Every year the nation pauses to remember peace officers killed in the line of duty, including law enforcement from across Fresno County.
It was a ceremony full of imagery, the color guard, the presentation of the wreath, the rifle salute.
A decades old observance to honor peace officers who lost their lives in the line of duty. Every branch of law enforcement gathered at Courthouse Park in downtown Fresno to pay tribute to fallen officers from through out the state.
Fresno Police Chief Jerry Dyer spoke of the sacrifices, but there was also acknowledgement that the shine on the law enforcement badge has been tarnished by controversy, making it easy to forget the good police officers do.
“I think so often police officers and deputies are under appreciated, they are under valued, much of what they do is so quiet behind the scenes, the rescues they make, the calls they go on,” Dyer says.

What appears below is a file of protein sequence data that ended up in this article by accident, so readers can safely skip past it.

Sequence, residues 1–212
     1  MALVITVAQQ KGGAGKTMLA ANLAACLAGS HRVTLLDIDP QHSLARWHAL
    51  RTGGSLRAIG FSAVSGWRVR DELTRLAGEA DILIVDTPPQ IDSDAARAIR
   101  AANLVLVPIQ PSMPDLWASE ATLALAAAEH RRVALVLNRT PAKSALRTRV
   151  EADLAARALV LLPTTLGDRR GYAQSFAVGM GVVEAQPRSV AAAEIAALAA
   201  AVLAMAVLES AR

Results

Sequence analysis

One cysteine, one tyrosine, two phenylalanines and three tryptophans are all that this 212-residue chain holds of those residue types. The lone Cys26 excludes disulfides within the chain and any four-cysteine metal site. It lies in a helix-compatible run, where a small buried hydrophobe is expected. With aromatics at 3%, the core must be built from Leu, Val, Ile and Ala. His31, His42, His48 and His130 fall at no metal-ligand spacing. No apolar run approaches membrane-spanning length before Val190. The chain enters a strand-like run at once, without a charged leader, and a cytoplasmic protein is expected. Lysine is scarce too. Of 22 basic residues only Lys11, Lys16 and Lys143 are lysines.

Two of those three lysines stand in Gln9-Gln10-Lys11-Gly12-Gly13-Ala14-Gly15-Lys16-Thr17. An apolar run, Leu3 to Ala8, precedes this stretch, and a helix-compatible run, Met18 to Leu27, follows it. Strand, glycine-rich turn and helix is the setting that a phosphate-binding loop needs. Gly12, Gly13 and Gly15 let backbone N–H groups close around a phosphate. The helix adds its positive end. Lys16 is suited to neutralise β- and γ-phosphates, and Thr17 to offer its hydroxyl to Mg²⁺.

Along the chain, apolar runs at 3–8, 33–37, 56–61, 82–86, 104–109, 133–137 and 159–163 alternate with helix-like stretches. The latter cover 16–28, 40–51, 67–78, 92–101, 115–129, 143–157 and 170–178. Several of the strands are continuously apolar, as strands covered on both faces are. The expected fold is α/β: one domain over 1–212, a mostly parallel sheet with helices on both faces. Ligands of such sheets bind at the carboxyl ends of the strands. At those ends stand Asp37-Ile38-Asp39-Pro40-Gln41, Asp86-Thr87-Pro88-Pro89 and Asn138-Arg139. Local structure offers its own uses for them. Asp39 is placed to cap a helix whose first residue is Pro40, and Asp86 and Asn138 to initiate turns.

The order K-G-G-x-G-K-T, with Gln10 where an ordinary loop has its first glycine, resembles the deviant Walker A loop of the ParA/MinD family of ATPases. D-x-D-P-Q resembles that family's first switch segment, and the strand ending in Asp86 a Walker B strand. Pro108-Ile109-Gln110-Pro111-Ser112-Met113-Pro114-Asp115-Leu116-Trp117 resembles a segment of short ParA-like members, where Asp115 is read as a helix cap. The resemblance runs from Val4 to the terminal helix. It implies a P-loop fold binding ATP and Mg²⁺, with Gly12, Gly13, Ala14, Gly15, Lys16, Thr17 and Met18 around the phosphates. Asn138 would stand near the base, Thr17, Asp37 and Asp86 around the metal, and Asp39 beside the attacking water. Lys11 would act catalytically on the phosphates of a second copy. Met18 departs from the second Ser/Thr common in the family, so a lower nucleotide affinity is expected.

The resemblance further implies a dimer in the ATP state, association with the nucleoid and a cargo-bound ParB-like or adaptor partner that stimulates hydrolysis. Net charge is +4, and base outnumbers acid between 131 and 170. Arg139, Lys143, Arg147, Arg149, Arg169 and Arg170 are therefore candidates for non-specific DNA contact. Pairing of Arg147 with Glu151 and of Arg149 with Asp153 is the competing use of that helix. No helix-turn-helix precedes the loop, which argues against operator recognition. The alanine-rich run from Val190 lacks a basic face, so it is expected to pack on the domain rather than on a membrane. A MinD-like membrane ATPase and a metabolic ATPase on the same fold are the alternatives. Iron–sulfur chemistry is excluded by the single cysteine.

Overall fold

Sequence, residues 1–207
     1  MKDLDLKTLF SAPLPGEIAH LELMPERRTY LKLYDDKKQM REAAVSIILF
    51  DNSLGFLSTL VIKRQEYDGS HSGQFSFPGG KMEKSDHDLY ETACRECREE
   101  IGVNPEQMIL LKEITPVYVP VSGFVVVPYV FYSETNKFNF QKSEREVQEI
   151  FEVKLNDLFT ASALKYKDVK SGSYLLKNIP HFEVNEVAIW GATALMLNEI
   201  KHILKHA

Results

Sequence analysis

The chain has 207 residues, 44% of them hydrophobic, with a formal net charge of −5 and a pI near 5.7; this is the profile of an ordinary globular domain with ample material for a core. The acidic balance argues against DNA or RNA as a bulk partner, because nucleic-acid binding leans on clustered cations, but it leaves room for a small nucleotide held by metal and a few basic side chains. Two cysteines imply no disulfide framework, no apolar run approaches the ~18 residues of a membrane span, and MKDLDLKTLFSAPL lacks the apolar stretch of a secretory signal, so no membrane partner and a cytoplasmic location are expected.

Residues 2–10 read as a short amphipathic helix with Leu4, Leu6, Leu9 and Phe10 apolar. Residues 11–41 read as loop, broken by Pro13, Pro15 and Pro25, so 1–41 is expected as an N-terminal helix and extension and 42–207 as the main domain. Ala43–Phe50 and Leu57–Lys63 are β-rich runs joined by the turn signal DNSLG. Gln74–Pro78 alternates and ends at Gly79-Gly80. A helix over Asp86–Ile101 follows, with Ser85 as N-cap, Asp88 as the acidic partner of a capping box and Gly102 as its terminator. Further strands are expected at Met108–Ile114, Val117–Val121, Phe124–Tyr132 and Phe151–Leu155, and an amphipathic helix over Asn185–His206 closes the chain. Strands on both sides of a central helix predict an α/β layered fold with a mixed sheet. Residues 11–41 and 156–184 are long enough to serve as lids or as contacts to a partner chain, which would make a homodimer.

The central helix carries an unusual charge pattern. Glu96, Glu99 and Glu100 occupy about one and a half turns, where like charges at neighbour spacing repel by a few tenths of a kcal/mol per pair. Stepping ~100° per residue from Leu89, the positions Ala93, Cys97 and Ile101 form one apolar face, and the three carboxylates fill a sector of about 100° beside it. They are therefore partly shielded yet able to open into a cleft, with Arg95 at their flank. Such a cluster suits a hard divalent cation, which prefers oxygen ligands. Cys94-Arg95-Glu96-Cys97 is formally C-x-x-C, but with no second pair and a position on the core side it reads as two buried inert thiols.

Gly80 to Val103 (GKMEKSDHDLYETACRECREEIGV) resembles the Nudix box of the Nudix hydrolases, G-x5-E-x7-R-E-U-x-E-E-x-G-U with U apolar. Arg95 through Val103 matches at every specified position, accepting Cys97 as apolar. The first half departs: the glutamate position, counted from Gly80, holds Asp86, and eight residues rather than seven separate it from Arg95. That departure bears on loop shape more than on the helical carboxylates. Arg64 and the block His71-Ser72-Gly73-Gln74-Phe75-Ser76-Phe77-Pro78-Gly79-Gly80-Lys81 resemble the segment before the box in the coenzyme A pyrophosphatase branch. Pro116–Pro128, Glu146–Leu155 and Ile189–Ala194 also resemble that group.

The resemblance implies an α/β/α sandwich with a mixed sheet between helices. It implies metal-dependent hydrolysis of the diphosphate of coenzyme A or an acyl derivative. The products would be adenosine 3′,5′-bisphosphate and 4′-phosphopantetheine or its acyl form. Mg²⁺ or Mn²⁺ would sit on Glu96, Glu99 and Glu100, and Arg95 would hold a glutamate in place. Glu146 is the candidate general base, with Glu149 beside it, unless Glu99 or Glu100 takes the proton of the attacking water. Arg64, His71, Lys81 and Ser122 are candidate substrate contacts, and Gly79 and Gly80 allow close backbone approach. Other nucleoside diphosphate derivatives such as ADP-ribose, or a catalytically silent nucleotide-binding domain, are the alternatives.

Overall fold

The sacrifices they make, no one knows that more than the families of the fallen officers. It is a loss that stays with them.
“You see here the people that attend, sometimes they have lost family members 2, 3, 5, 10 years ago but they come back to remember those people and to also to appreciate every single day the work that’s done in law enforcement,” says Lisa Smittcamp, the Fresno County District Attorney.
This day is about the families. Sylvia Wilson lost her brother, officer, Michael D. Avila in 1981. He was a member of the Parlier Police Department.
“I come for him so they won’t forget him or our family will never forget him,” Wilson explained. “We can move on but my brother is with me everyday.”
Nine-year-old William Smith is from a law enforcement family. He was proud to watch his step-dad take part in the ceremony.
“I want to be a police officer when I grow up so that way I can help people,” Smith says.
Protect and serve: An oath they take seriously. An oath some have given their lives trying to uphold.